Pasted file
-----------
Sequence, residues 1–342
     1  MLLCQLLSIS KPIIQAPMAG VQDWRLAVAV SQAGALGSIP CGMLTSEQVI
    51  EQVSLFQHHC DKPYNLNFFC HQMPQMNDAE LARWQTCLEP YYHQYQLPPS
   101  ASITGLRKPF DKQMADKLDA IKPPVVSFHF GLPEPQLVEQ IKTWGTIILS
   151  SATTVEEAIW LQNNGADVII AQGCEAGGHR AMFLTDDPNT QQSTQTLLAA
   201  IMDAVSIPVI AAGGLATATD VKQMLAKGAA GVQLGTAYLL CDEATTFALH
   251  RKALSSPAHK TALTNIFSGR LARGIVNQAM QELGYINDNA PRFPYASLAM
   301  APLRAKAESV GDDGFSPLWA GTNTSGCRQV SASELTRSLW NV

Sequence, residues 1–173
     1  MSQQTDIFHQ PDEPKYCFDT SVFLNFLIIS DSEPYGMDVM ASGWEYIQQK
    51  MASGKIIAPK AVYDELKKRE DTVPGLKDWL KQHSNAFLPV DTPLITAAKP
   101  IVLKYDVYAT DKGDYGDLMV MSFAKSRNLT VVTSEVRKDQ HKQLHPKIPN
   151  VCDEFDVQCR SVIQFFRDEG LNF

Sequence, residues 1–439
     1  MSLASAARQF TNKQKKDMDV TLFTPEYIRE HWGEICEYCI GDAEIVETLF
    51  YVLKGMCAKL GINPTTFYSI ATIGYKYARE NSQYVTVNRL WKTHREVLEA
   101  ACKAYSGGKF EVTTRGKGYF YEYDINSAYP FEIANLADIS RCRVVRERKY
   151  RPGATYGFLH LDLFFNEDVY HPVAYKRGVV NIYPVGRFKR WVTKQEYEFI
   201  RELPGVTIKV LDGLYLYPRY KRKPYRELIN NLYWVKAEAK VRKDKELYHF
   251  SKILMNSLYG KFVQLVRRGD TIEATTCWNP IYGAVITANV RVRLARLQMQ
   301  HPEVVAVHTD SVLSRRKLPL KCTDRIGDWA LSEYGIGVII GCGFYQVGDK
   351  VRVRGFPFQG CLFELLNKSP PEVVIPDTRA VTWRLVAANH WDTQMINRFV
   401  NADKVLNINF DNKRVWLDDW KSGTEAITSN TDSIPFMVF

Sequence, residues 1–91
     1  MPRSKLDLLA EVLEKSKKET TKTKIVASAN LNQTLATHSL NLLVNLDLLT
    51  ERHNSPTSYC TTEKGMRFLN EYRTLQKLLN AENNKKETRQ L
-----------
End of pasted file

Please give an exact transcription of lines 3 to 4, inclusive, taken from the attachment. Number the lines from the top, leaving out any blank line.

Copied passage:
    51  EQVSLFQHHC DKPYNLNFFC HQMPQMNDAE LARWQTCLEP YYHQYQLPPS
   101  ASITGLRKPF DKQMADKLDA IKPPVVSFHF GLPEPQLVEQ IKTWGTIILS